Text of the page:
Florida, like much of the U.S., is struggling with a mounting opioid epidemic. Governor Rick Scott recently declared the epidemic a public health emergency in Florida. A study by the Florida Department of Law Enforcement/Florida Medical Examiners states that the number of deaths in the state directly caused by opioid use in 2015 numbered 2,538. The same study reported that another 3,896 deaths, while not directly caused by opioid overdose, revealed that opioids were at least present in the deceased person’s body. This is a stark increase in numbers of deaths related to opioid overdose from prior years, which had already been seeing a steady rise in these unfortunate statistics. The largest numbers of deaths are coming out of southeast Florida. This crisis affects not only the individual addicts and their families, but it also affects our communities and residential zoning districts.

Short-term residential treatment facilities and long-term sober group homes which provide housing for individuals in need of addiction treatment are increasingly common. Such living arrangements play an important role in many individuals’ recovery due to the support they provide and integration into the community that they offer. As more treatment facilities and homes seek zoning approvals to open their doors and meet the increasing demand, they may face backlash from nearby neighborhood residents who make irrational claims and arguments against such residential treatment facilities. However, unfounded fears of such residential uses will not be sufficient to justify denying a zoning permit. Recovering former alcohol and substance abusers are regarded as having, physical or mental impairments, which substantially limit one or more of their major life activities. Therefore, such individuals are considered handicapped or disabled under the Fair Housing Act Amendments of 1988 (FHAA) (42 U.S.C. § 3602(h)) and are protected by this law. Even if under a particular zoning code a proposed group home would not meet technical aspects of the regulations, local governments must consider whether the FHAA applies and whether the local government decision makers must make a “reasonable accommodation” for the applicant.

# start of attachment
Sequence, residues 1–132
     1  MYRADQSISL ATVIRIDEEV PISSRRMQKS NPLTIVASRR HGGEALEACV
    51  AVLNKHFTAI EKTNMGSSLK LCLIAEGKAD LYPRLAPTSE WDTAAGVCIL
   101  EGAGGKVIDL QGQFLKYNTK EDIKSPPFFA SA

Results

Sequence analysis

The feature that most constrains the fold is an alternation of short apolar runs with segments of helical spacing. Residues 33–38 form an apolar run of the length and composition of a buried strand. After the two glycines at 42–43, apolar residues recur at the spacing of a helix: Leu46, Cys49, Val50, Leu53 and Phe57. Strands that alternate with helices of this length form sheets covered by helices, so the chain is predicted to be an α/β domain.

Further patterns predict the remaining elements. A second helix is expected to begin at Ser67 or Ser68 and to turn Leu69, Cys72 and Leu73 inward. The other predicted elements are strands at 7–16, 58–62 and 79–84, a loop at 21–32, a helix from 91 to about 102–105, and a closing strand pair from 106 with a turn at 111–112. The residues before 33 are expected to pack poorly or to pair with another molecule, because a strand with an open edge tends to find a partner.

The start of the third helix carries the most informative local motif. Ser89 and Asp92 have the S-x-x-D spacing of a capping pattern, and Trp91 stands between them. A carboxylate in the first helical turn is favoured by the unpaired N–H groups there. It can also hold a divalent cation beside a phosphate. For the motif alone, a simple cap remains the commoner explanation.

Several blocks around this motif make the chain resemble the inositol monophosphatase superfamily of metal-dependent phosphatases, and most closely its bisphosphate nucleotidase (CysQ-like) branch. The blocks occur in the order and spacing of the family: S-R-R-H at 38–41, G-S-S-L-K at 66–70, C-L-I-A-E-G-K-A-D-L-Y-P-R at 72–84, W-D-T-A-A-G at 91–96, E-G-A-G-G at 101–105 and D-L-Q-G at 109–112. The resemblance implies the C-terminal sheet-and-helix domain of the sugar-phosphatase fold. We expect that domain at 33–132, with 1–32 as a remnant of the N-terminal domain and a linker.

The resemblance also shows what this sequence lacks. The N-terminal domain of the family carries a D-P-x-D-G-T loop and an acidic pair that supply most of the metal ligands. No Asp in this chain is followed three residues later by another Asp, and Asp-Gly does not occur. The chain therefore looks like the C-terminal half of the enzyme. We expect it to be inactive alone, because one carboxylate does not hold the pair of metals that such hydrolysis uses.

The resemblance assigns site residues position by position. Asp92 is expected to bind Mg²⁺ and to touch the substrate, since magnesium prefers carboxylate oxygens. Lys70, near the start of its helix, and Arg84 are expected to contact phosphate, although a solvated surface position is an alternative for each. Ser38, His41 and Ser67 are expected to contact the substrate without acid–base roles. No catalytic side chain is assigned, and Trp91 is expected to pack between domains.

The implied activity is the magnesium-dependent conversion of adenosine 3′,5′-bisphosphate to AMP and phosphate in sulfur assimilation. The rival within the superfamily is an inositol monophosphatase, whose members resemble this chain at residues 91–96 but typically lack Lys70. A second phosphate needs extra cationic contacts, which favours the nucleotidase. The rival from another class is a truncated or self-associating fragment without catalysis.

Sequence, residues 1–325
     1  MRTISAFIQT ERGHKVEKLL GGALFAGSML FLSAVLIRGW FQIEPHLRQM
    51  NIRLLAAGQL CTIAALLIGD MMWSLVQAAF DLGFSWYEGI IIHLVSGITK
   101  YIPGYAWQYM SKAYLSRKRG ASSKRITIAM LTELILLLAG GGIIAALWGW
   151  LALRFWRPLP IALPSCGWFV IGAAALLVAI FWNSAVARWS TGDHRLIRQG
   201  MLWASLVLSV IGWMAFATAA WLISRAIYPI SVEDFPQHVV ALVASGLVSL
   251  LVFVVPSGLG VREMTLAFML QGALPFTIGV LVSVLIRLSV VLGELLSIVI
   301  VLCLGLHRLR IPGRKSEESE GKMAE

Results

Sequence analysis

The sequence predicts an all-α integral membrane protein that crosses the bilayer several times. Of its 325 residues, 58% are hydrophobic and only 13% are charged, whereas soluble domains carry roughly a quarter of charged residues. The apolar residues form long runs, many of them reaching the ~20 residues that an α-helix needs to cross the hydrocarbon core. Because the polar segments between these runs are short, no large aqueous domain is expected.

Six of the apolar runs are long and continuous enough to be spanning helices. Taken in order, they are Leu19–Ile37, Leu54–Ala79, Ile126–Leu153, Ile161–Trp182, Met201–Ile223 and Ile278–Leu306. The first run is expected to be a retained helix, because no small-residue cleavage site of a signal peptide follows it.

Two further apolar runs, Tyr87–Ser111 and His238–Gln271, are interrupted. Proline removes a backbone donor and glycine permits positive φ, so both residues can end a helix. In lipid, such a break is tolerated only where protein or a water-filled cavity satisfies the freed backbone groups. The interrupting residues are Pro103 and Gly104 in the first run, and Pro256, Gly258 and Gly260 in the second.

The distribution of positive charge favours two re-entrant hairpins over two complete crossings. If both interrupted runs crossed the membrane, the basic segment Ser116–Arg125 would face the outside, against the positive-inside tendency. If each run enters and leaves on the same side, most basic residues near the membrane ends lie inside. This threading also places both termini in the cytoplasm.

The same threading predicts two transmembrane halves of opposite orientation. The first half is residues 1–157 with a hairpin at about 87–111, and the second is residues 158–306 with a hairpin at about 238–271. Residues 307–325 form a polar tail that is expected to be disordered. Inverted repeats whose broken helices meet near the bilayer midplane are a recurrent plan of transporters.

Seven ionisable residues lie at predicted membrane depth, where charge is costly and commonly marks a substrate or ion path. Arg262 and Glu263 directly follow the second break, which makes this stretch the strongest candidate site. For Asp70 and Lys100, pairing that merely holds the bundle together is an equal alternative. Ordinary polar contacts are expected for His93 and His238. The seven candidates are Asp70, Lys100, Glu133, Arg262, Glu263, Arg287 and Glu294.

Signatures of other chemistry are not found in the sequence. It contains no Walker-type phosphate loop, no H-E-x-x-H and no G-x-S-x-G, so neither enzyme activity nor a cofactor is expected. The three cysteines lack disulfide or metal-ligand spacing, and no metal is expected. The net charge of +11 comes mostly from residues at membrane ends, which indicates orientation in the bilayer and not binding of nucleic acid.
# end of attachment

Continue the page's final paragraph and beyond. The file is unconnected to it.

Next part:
Further, violations of the FHAA may be overt and intentional, but not necessarily. Local governments must also be careful not to interpret zoning regulations in a way that results in significantly more substance abusers in the community from living in the group home setting of their choice compared to non-recovering individuals who want to live in group home settings. Doing so could set the stage for a disparate impact claim under the FHAA. As our communities respond to the growing opioid crisis and assess how best to move forward and help those in need, these fundamental FHAA principles will remain front and center.